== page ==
CCM: It’s interesting that He used a prompt of personal worship to prompt you to make a corporate worship record.
JV: Of course, only God. It’s incredible. The first night I sang these songs live, tears kept welling up in my eyes and the hair on my arms was standing up, and I thought, Okay, God. I don’t like to over-spiritualize stuff, but I can’t help but think He’s doing something incredibly big and I get to go along for the ride.
CCM: How has this very personal experience transformed the entire experience of how you listen to these songs, how you perform them, how others receive them?
JV: I’m more vulnerable to the presence of God now. The challenges we face as a family make you cry out, but all I can think is, Okay, God, where do You want me? How can I be in Your will? How can I love You bigger and better? It’s a constant journey. I’m still human. I don’t have everything figured out and never will—thank God for that. But God works the way He wants to work.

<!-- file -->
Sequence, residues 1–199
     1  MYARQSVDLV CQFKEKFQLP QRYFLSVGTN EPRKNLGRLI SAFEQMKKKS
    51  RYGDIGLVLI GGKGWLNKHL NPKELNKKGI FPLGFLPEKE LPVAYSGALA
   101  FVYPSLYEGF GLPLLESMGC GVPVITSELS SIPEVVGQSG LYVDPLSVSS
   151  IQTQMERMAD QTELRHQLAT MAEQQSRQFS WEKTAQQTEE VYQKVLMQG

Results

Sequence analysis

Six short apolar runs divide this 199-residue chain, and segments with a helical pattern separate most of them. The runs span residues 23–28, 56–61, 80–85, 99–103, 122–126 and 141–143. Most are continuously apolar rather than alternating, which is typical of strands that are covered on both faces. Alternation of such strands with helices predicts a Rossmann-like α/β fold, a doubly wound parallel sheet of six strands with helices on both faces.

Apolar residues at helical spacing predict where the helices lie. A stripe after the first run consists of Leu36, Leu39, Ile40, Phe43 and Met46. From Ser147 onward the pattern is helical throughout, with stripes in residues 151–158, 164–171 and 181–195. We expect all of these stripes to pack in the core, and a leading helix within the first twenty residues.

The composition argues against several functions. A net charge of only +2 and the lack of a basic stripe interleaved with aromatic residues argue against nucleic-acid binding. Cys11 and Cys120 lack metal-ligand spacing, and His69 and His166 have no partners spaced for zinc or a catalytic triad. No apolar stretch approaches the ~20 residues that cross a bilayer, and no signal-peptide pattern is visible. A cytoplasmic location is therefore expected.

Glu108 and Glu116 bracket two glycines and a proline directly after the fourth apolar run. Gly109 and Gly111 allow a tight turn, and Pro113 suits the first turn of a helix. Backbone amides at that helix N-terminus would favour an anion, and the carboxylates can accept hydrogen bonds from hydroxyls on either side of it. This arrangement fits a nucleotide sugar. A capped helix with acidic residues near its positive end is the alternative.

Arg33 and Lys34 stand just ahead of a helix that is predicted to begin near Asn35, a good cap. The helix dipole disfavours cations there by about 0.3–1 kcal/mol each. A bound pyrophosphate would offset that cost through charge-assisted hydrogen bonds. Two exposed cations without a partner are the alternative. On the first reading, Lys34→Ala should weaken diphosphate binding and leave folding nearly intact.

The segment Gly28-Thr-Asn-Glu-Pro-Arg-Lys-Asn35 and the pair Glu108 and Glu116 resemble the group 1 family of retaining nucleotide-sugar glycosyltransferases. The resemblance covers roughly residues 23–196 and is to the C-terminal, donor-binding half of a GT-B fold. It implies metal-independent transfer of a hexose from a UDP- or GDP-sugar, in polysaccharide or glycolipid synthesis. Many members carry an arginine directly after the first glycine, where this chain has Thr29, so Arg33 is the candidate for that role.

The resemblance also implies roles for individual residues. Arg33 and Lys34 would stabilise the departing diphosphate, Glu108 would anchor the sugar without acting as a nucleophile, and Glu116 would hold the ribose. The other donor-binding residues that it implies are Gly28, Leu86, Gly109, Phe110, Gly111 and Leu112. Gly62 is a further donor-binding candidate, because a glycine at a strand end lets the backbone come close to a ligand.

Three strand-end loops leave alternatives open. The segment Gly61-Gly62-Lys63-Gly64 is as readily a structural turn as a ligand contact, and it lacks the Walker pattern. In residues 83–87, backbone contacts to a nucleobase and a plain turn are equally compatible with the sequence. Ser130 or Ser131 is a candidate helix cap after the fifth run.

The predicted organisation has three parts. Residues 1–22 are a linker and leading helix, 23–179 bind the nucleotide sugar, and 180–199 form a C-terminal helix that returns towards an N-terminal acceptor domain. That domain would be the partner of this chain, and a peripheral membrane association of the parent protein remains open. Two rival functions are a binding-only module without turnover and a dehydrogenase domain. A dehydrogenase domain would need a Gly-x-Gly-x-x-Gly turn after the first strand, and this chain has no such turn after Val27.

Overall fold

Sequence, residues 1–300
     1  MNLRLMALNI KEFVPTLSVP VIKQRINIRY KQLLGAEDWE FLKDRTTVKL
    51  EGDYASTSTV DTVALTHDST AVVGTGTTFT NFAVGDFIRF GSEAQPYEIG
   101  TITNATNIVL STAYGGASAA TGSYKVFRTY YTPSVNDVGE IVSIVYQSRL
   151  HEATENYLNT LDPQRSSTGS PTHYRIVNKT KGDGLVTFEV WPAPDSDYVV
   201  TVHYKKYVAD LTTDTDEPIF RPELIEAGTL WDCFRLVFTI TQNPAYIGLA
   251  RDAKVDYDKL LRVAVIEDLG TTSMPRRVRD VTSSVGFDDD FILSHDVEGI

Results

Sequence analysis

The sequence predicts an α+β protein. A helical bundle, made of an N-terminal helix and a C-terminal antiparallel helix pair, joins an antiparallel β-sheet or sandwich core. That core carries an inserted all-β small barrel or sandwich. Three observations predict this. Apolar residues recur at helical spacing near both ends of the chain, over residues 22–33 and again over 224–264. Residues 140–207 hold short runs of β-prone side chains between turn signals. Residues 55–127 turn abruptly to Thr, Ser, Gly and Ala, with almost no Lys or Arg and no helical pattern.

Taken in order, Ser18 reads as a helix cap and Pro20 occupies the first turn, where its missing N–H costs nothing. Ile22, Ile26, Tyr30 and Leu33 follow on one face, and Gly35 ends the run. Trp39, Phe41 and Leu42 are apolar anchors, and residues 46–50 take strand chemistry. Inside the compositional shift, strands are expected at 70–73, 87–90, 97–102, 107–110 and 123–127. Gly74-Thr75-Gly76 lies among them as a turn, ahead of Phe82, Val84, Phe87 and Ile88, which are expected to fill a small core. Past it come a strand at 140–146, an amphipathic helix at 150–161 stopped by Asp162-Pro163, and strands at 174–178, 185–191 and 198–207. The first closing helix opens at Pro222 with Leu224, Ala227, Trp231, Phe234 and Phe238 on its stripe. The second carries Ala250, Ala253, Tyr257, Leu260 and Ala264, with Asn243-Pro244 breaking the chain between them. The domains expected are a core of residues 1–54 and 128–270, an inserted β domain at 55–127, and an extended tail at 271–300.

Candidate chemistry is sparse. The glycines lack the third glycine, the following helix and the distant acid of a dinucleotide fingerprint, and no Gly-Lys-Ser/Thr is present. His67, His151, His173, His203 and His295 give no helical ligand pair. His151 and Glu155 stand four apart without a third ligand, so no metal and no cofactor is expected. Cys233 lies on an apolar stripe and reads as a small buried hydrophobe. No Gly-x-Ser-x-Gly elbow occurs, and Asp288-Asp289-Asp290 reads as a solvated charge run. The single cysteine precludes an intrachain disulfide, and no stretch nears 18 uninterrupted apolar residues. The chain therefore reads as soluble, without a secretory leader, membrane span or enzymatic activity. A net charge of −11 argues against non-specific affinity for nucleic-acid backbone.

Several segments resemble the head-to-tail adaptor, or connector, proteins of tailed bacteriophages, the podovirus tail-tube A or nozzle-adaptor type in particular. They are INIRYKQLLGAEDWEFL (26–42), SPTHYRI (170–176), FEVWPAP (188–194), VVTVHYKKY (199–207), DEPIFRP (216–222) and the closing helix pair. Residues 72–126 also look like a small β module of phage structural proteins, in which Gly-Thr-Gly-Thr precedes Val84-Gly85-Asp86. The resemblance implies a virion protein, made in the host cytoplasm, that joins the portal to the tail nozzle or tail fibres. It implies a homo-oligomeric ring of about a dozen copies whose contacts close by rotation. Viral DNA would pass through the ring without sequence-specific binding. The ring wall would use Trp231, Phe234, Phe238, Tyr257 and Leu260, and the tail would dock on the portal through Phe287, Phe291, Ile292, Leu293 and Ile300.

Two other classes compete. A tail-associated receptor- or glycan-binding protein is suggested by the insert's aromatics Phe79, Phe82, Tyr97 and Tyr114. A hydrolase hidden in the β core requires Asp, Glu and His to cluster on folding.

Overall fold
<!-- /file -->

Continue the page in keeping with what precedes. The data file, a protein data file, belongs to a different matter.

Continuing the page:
CCM: You talk about the challenges in your family, and I know some of those challenges, like any family, revolves around your children.
JV: Zealand is autistic. When he was born, I got my prayer: ten fingers and ten toes. He’s incredible. He is unique, he is funny—he can’t even help himself, he laughs so big, from his gut. I love that. After he was born, we started noticing that he wasn’t meeting the milestones that other kids were hitting. I would be happy to bury my head in the sand, but my husband likes to be realistic so we got him tested.
From the time he was nineteen months old until he was in the second grade, doctors diagnosed Zealand as “developmentally delayed.” There were times peppered in those years … “It could be autism.” I was hoping for the best, planning for the worst, and thinking, It’s gonna be fine. I remember being in a conference room at my kids’ school when the note from the doctor with the official diagnosis came in, and everybody was saying, “It’s autism. He has autism.” I bawled my eyes out. I went through a mourning period, mourning the dreams that I had for my little boy. I don’t know if he’ll get married. I don’t know if he’ll have kids. I don’t know. And then I had to dream new dreams for him.
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